Catching up on information too informative and interesting to pass up:
The Federal Reserve’s talking point about transitory inflation is “going to go down in history as one of the worst inflation calls.”
So says famed portfolio manager Mohamed El-Erian.
“They got stuck on the narrative and held on to it for too long,” El-Erian says in an interview with Bloomberg. “The result of which is they’re looking at inflation that is much higher than they ever expected … much broader than they expected … and that’s going to last even longer than they expected.”
But we all knew that already, didn’t we?
Industrial metals supplies tight, prices soaring
“For the first time in more than a decade, six of the world’s most vital industrial metals are flashing a rare synchronized warning over tight supply, as logistical turmoil and strong demand spark anxiety among buyers.
“From aluminum to zinc, spot prices for base metals on the London Metal Exchange are all soaring above futures — a condition known as backwardation — for the first time since 2007. Buyers are paying a premium for access to metal against a backdrop of plunging exchange inventories, supply-chain delays, production hiccups and surging demand for industrial commodities in everything from construction to consumer electronics.”
Give that to us again: Wasn’t inflation supposed to be transitory?
Somehow the Dollar and a Quarter Store doesn’t have the same ring to it!
“Faced with the rising cost of goods and freight, discount retail chain Dollar Tree said Tuesday it will raise its prices to $1.25 for most of its products.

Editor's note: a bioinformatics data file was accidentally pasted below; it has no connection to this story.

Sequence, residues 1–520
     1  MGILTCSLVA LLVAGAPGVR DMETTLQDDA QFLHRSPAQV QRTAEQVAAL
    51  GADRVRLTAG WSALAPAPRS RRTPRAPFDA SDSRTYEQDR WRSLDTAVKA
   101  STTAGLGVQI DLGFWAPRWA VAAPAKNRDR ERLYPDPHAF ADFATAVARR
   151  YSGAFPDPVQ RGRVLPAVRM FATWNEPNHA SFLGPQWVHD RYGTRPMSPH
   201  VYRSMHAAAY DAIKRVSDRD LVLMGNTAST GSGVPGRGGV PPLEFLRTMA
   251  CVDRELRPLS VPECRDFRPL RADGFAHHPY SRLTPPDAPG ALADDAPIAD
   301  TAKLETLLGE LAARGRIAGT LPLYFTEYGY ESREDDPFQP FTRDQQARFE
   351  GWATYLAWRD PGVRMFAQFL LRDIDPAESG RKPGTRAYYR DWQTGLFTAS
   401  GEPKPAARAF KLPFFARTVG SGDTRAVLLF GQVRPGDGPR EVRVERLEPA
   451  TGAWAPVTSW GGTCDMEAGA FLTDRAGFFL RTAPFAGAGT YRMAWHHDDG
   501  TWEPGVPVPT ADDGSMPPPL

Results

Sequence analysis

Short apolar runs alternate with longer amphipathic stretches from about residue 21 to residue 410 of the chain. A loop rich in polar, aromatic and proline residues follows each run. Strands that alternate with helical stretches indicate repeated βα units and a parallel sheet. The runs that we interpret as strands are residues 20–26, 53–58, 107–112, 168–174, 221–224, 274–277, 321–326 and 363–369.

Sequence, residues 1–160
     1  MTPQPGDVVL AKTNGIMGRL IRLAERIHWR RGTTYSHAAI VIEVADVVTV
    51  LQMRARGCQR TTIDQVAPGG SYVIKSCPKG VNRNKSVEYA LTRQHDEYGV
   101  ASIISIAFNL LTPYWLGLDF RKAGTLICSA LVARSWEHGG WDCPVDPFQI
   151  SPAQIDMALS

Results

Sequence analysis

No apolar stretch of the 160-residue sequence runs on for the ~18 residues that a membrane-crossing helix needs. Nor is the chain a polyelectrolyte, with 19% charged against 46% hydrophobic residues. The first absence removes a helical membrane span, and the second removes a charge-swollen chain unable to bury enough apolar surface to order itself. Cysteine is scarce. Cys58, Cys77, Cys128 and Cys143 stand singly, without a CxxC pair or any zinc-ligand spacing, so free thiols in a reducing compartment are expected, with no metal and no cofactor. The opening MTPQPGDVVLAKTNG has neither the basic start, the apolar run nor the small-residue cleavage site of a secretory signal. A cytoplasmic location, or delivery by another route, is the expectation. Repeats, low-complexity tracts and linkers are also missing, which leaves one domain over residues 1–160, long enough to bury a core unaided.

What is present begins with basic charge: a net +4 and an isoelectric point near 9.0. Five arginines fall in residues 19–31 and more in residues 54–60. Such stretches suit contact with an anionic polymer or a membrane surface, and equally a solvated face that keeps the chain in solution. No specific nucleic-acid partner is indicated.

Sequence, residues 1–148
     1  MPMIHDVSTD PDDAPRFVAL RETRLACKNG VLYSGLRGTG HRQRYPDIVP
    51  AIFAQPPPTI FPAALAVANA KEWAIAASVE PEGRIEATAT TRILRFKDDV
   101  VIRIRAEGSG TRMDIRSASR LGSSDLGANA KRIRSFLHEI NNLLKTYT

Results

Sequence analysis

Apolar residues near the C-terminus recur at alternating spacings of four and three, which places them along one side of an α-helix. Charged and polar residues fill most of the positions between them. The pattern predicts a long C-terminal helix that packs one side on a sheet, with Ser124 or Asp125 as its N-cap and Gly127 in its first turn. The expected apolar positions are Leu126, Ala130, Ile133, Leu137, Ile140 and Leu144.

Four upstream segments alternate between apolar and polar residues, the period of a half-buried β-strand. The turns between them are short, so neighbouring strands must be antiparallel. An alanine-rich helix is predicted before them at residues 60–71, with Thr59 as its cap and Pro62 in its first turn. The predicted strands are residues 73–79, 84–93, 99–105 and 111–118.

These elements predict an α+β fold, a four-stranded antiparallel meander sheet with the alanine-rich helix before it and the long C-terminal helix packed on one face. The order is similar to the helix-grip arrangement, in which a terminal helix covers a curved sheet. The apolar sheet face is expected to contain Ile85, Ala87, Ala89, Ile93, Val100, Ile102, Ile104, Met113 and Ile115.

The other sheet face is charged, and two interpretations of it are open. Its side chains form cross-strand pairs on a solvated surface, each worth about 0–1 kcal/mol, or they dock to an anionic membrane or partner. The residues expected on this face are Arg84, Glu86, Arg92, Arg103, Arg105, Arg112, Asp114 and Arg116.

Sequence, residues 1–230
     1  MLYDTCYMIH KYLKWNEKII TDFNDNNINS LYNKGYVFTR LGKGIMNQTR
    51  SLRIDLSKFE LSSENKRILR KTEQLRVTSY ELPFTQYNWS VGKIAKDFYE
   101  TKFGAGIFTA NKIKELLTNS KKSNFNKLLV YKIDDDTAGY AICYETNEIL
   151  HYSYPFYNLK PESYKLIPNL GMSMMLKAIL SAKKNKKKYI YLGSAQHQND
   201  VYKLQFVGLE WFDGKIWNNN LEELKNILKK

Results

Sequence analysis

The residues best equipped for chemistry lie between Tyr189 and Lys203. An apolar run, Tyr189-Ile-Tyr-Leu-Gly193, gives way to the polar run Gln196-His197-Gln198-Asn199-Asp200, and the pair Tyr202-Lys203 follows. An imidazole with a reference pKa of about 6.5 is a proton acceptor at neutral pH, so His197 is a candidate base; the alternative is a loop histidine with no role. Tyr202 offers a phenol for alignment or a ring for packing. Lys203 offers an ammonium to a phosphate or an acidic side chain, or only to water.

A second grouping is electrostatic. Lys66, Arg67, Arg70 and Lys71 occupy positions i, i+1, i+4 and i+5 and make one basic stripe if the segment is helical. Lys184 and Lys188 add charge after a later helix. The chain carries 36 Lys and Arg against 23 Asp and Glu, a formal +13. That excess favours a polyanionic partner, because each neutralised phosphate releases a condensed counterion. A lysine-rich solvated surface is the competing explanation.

“Dollar Tree said the reason for raising its prices to $1.25 was not due to “short-term or transitory market conditions” and said the price increases were permanent.”
The media offers us advice for adjusting our holidays to accommodate Washington’s inflation.
“NBC’s Vicky Nguyen tell viewers to combat inflation-spiked Thanksgiving by ditching the Turkey & charging guests.”
“Maybe you do an Italian feast …If you tell everyone you’re having Thanksgiving without turkey, some guests may drop off the list & that’s a way to cut costs too.”
Meanwhile, the St. Louis Fed suggest switching from turkey to tofu:
From the FRED Blog: “A Thanksgiving dinner serving of poultry costs $1.42. A soybean-based dinner serving with the same amount of calories costs 66 cents and provides almost twice as much protein.”
Our suggestion: Just get rid of the Fed turkeys.
For advice on protecting your family, your wealth, and your retirement from inflation, speak with a Republic Monetary Exchange precious metals consultant today. He will help you create a sensible portfolio that meets your individual needs.